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Exercise and physical activity for health promotion and rehabilitation in community dwelling very old adults or nursing home residents

Körperliches Training und körperliche Aktivität zur Gesundheitsförderung und Rehabilitation bei hochaltrigen zu Hause lebenden Erwachsenen oder Pflegebedürftige

The aging of the world’s population fundamentally affects medical care, health care systems, and society. More specifically, demographic, and societal trends have far-reaching implications for clinical care, medical research, and health care policy. Regular exercise or physical activity as well as an active lifestyle have been shown to influence the intercept, slope, and pace of age-related changes. However, the important role of exercise and physical activity as well as sports science related to physical activity and exercise is still underrepresented in this area of geriatric research.

“Keeping an active lifestyle increases health, prevents disease, and helps to maintain quality of life”

Therefore, this special issue primarily publishes studies examining age-related changes of cognitive, perceptual, and motor functions that affect the mobility of older individuals and their activities of daily living. Also, more and more studies investigate quality of life, well-being, education, and other relevant aspects in healthy older adults after retirement, and in very old adults and inhabitants of long-term care facilities. Over the last few decades it has been shown that engaging in different sports and exercise activities and keeping an active lifestyle increases health, prevents disease, and helps to maintain the quality of life in these target groups.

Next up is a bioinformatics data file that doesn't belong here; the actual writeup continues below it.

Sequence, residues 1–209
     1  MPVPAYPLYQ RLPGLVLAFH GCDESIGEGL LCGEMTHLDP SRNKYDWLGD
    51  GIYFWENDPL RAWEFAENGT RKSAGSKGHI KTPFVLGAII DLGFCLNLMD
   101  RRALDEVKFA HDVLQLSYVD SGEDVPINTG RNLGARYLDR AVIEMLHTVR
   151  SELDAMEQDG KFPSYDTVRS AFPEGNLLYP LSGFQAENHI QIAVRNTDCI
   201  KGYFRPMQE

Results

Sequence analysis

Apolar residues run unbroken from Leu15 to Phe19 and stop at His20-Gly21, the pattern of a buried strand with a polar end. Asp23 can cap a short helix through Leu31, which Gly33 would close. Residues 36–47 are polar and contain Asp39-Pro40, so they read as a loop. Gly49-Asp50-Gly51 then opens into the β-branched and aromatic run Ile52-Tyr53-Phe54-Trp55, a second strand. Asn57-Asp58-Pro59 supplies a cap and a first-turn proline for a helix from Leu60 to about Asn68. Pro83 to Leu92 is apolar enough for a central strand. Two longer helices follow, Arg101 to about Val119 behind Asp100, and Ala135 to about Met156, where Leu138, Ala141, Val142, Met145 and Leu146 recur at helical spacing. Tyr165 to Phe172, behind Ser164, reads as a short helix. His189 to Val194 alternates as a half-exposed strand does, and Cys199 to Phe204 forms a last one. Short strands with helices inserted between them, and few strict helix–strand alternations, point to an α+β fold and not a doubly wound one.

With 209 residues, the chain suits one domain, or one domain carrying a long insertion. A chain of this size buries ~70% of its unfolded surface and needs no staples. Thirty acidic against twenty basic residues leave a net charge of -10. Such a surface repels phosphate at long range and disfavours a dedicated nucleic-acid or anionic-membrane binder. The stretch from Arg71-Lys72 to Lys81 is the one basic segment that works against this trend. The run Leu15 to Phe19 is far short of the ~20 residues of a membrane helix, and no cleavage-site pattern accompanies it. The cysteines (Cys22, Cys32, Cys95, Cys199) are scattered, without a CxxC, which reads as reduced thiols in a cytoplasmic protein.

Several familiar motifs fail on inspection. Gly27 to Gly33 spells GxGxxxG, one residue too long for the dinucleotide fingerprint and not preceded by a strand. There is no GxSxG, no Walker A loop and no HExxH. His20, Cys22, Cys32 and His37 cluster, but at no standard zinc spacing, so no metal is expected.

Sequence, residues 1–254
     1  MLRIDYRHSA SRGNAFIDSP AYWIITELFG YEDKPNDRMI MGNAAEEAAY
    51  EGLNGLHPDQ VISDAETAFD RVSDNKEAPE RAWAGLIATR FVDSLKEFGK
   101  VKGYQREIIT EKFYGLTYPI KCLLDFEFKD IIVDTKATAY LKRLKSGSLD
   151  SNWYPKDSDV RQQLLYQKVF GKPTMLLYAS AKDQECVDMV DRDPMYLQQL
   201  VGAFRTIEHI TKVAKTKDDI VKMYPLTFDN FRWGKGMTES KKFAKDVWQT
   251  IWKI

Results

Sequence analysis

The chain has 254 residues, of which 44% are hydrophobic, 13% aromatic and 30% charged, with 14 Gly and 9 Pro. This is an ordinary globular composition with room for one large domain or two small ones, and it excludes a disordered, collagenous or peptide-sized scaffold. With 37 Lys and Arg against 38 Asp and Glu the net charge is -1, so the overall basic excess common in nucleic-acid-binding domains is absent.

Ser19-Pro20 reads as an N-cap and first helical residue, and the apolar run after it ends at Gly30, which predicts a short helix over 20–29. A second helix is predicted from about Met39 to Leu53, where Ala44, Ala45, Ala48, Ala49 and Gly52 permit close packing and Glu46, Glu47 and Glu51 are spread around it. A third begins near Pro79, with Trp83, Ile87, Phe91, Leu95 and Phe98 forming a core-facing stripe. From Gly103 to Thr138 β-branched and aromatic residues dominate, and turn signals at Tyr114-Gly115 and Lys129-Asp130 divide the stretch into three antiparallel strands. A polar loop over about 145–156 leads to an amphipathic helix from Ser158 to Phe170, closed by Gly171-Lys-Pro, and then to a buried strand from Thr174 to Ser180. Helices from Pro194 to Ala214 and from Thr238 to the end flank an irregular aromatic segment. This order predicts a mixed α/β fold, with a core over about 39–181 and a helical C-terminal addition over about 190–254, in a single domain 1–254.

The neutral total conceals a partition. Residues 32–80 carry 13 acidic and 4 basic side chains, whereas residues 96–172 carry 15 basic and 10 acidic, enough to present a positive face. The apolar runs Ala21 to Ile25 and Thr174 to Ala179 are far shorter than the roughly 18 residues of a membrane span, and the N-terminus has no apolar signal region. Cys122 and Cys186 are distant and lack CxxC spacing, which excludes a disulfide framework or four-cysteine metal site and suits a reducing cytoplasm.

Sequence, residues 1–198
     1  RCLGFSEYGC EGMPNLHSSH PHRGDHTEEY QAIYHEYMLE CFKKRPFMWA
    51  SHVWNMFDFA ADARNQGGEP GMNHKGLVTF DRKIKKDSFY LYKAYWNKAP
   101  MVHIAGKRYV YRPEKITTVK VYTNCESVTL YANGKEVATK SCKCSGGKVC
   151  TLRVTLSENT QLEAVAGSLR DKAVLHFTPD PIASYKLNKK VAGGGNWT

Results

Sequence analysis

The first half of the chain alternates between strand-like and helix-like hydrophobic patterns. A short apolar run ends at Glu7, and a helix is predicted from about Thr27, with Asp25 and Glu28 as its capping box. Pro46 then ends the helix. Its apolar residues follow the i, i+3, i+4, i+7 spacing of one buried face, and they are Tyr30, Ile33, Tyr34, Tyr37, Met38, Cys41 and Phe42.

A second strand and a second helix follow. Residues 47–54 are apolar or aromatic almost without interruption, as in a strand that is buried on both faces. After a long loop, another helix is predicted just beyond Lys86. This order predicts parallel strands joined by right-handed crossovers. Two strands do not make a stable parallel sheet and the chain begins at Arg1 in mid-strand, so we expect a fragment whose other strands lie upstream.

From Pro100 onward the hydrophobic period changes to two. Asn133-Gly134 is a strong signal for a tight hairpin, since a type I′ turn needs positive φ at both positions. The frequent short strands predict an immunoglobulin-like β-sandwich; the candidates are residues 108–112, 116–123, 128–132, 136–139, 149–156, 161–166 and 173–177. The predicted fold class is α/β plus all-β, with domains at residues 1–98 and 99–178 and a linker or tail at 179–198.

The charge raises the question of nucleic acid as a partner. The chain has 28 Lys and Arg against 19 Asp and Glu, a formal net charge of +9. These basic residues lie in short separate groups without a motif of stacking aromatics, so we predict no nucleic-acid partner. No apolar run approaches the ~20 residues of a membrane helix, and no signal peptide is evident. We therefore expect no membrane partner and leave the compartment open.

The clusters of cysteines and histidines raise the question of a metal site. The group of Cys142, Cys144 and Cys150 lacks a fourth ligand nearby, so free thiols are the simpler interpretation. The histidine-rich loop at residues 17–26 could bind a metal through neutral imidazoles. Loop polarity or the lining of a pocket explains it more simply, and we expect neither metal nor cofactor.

Three primary pathways to gain positive benefits by sports interventions can be differentiated: (1) physical activity and tailored exercises to increase different outcomes of cognitive and motor fitness, (2) social engagement, psychosocial parameters, and mental health and (3) cognitive stimulation, which is also associated with physical and global functioning (e.g., activities of daily living (ADL), instrumental activities of daily living (IADLs)), cognitive functioning (especially memory and executive functions) as well as increased quality of life (Newsom, Shaw, August, & Strath, 2018; Warburton & Bredin, 2017; Chodzko-Zajko et al., 2009; Smith, Banting, Eime, O’Sullivan, & Van Uffelen, 2017; Kramer & Colcombe, 2018; Brasure et al., 2018).

In this special issue, we use these pathways to structure the presented studies from all disciplines of human movement science as well as areas of motor control and learning, sport and exercise psychology, social psychology and philosophy of human movement, public health, and physical rehabilitation.

Physical activity and tailored exercises to increase different outcomes of cognitive and motor fitness

The main goals for regular exercise in older age are often associated with maintaining physical fitness as well as mobility and independence. The ability to mobilize safely is a key indicator of health and independence in old age because it allows ongoing social participation and prevents falls. Therefore, it is of great interest to identify factors that influence mobility as well as gait pattern and at the same time can be addressed by appropriate training (Cadore, Rodríguez-Mañas, Sinclair, & Izquierdo, 2013; Valenzuela et al., 2020; Vlietstra, Hendrickx, & Waters, 2018). A variety of systematic reviews have confirmed positive effects of physical and balance training on the reduction of risks related to falls, number of falls (Chang et al., 2004; Chan et al., 2015; Sherrington et al., 2020), and benefits for daily activities (Chou, Hwang, & Wu, 2012; Tak, Kuiper, Chorus, & Hopman-Rock, 2013). However, the differentiation within physical activity’s subcategories is often unnoticed by other health professionals as well as by older persons. Terms like mobility, physical activity, or sport are differently defined and used in different disciplines and in daily language. Therefore, the article by Freiberger and Notthoff (2021) within this special issue focuses on exercise as a planned, structured, repetitive program which is often used interchangeably with physical activity (PA). The authors show overlaps between PA and exercise and the relevance of the differences for practice. Moreover, they describe the differences in wording between health care professionals, sport scientists and older lay persons to enhance the understanding for professionals.